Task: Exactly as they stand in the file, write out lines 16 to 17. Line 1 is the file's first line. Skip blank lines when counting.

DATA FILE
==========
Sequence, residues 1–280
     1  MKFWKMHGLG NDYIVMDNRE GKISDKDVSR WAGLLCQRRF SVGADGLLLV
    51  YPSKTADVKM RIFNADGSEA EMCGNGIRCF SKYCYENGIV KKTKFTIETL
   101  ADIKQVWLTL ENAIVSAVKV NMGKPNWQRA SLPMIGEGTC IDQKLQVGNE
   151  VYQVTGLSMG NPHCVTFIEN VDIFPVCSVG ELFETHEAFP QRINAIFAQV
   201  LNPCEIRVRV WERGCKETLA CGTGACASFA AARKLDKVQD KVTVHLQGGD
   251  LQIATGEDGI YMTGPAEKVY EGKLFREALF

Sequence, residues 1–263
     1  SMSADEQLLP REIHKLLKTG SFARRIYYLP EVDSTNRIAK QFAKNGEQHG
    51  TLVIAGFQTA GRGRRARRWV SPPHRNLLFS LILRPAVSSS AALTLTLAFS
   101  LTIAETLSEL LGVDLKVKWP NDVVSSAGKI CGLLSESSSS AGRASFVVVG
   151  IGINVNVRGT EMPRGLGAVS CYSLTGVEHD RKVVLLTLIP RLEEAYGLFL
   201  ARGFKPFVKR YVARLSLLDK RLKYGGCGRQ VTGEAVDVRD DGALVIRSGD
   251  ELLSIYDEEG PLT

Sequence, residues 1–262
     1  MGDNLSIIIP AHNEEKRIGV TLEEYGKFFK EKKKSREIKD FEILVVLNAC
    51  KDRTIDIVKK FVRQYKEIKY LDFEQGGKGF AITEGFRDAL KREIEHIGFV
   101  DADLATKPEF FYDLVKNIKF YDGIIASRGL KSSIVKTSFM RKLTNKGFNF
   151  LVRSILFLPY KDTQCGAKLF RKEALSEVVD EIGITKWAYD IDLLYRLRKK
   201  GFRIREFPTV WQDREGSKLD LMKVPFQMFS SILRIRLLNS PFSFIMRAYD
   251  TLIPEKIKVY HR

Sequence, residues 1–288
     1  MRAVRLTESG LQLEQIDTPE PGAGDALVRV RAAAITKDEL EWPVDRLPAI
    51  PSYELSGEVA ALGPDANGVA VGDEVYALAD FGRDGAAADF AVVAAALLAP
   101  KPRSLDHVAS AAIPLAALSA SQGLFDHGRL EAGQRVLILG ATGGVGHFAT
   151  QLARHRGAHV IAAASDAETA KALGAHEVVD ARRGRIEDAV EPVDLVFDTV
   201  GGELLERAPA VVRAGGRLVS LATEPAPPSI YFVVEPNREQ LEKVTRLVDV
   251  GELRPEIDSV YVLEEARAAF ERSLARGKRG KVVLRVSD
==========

     1  MGDNLSIIIP AHNEEKRIGV TLEEYGKFFK EKKKSREIKD FEILVVLNAC
    51  KDRTIDIVKK FVRQYKEIKY LDFEQGGKGF AITEGFRDAL KREIEHIGFV